Tuesday, December 12, 2006

Blurbing Etiquette

Admin note: my computer broke last night, one day before my new one gets here! Sigh. So I'm working off my husband's laptop. Thus...I don't have access to my pics of our new peanut. But once I do (once the old one is repaired and I upload all of my data to the new one), I'll post 'em. Or I'll try to grab some from my husband's files in the next day or so...but the pics are on his computer at work, so it's all a little convoluted. And another random thought: I was watching Field of Dreams this morning (nursing gives you A LOT of TV time), and is it really possible that the movie was made 17 years ago??? Am I seriously that old??? Anyhoo...moving on to business.

Question of the day: When looking for blurbs, do you send the manuscript along with the letter asking for a blurb, or do you wait until they commit to checking it out and possibly blurbing you first?

Funny, it never, ever, would have occurred to me to simply send a manuscript without asking. I mean, isn't this like telling someone that they have to do you a favor rather than hoping that he will? But what's odd is that this discussion recently came up on one of my writer's boards, and yes, some people had indeed received advice in the past to just go ahead and send the ms without previously contacting an author. And I have to say, I think this is just so wrong. For several reasons. Here's why:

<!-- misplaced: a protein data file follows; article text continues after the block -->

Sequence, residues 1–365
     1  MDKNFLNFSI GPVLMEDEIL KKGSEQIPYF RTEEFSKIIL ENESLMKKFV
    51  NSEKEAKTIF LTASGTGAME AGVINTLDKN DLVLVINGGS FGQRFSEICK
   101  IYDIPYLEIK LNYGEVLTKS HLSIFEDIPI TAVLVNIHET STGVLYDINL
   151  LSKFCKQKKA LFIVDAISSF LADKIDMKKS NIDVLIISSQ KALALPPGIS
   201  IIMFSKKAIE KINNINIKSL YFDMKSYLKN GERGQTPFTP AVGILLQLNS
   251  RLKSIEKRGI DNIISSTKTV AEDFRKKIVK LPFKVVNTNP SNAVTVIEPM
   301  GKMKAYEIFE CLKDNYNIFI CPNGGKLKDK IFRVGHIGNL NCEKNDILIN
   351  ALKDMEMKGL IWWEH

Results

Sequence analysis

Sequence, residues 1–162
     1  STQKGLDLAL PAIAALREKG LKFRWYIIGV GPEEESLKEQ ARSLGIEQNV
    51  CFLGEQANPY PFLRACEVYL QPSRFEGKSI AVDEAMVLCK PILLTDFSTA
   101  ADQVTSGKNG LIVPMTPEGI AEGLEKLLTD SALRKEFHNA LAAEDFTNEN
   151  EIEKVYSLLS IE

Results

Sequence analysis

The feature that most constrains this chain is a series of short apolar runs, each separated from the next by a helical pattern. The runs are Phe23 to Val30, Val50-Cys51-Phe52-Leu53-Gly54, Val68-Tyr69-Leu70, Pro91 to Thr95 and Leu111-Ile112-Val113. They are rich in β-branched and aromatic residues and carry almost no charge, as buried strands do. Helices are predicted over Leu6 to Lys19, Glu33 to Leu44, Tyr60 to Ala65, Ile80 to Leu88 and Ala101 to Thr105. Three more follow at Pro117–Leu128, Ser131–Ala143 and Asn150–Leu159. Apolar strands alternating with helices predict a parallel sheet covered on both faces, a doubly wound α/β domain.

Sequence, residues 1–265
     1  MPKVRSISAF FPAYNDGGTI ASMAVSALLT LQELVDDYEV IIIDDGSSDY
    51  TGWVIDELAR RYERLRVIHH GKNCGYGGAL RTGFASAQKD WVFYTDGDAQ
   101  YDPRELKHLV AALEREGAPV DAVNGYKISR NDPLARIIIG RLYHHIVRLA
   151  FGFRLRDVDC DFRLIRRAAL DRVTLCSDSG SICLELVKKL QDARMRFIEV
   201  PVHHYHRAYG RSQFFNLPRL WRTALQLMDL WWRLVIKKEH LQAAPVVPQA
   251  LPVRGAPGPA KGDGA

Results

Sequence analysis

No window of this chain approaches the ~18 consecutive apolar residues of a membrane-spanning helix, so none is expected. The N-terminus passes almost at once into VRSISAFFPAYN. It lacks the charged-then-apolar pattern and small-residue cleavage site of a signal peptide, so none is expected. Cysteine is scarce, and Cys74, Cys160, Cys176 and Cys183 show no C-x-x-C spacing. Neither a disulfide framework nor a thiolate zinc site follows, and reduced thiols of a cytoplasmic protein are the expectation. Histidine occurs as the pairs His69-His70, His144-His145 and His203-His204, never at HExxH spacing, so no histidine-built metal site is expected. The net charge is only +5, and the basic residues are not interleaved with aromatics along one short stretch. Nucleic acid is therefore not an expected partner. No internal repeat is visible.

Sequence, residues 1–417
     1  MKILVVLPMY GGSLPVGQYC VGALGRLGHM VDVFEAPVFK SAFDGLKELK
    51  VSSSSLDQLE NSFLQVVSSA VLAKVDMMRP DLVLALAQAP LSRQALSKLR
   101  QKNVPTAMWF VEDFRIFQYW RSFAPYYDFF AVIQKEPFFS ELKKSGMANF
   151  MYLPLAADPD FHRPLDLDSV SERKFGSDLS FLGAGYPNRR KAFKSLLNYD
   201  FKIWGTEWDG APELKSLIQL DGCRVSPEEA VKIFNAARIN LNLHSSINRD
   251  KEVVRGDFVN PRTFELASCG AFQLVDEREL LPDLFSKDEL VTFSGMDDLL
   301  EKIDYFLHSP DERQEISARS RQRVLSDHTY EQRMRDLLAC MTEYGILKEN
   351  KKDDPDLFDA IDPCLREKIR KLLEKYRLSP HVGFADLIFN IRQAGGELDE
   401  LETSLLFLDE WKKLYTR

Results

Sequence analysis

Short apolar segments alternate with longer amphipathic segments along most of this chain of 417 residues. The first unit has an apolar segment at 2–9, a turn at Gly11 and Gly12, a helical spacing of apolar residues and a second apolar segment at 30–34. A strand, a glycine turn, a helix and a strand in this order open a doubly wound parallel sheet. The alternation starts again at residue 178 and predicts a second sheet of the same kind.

1) If a ms or galley showed up at my doorstep, and I had no previous knowledge of its arrival, to be honest, I'd probably either overlook it, put it aside for when I got around to it, or disregard it altogether. In other words: ms meet trash can.

2) It operates on the assumption that this person is happy and ready to accommodate you, when, in fact, many authors don't or can't give blurbs due to a variety of factors.

3) It takes the personal relationship out of it. Most authors whom I contacted were happy to read the ms, but what many of them responded to (or so they told me), was how appreciative I was of their time, how I let them know that I was a fan of their writing, and how I also made the effort to reach out to them, not just as a writer, but as a potential contact, friend and reciprocal future blurber. To simply toss a galley in the mail and then include a note removes this critical step, in my mind.

A better approach, in my opinion, is to email the author beforehand, explaining why you'd love for him to take a look at your ms (i.e you adore his books, you have crossover readers, etc), assuring him that there is certainly no obligation to offer a blurb, and then thank him in advance for any time he can offer. Period. If he says no, it's not personal. Thank him anyway. If he says yes, drop the ms in the mail. Don't expect a blurb...and if he then offers one, be gushingly appreciative.


So...how have you guys approached getting blurbs? Have any of you ever been sent an unsolicited ms?

4 comments:

Sara Hantz said...

I LOVE that movie!!!

faithinflorida said...

Allison:
Can't wait to see pics of the new little one!!!

Trish Ryan said...

I'm contemplating blurbs now. One of my favorite authors is coming to town on tour after the first of the year and I'm hoping to connect with her without seeming like a scary obsessed fan. I agree with you about wanting the personal relationship to be part of it. I'd hate to have an author asked about my book after blurbing it and her only response be, "Trish who?"

Allison Winn Scotch said...

Sara - I know, it's SO good isn't it? I emerged from the bedroom sobbing the other night, and my husband was like, "wow, you really have to get a grip! It's a MOVIE!!"

Trish - Sounds like a great plan!

And Faith - I'm going to try to post a link to Ofoto today or tomorrow. I think that's the easiest solution.